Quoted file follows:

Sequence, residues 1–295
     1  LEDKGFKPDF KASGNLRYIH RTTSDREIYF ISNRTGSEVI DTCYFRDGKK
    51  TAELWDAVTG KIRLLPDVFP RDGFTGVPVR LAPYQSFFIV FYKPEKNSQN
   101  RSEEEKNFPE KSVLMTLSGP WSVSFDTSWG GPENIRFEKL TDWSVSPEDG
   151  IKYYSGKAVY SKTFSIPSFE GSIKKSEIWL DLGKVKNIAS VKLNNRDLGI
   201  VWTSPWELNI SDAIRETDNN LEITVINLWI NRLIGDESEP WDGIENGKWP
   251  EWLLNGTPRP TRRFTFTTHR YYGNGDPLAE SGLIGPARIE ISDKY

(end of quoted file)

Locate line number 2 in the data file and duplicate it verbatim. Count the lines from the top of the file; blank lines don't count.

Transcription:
     1  LEDKGFKPDF KASGNLRYIH RTTSDREIYF ISNRTGSEVI DTCYFRDGKK